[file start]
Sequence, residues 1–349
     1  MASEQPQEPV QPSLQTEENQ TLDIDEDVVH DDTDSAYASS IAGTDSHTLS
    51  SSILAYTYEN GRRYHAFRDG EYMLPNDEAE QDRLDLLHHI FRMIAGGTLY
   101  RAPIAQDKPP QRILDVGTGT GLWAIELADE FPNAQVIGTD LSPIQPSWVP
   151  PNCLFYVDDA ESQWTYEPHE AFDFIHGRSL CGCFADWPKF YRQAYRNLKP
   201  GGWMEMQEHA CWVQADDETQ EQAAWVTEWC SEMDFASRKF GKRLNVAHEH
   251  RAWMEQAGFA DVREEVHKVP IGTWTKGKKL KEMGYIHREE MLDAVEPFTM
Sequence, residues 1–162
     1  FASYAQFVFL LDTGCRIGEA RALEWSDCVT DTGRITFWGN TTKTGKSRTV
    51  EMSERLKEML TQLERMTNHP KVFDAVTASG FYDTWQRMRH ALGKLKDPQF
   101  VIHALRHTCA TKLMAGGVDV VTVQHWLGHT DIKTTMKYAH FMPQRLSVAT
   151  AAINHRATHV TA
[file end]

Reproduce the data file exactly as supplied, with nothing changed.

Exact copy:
Sequence, residues 1–349
     1  MASEQPQEPV QPSLQTEENQ TLDIDEDVVH DDTDSAYASS IAGTDSHTLS
    51  SSILAYTYEN GRRYHAFRDG EYMLPNDEAE QDRLDLLHHI FRMIAGGTLY
   101  RAPIAQDKPP QRILDVGTGT GLWAIELADE FPNAQVIGTD LSPIQPSWVP
   151  PNCLFYVDDA ESQWTYEPHE AFDFIHGRSL CGCFADWPKF YRQAYRNLKP
   201  GGWMEMQEHA CWVQADDETQ EQAAWVTEWC SEMDFASRKF GKRLNVAHEH
   251  RAWMEQAGFA DVREEVHKVP IGTWTKGKKL KEMGYIHREE MLDAVEPFTM
Sequence, residues 1–162
     1  FASYAQFVFL LDTGCRIGEA RALEWSDCVT DTGRITFWGN TTKTGKSRTV
    51  EMSERLKEML TQLERMTNHP KVFDAVTASG FYDTWQRMRH ALGKLKDPQF
   101  VIHALRHTCA TKLMAGGVDV VTVQHWLGHT DIKTTMKYAH FMPQRLSVAT
   151  AAINHRATHV TA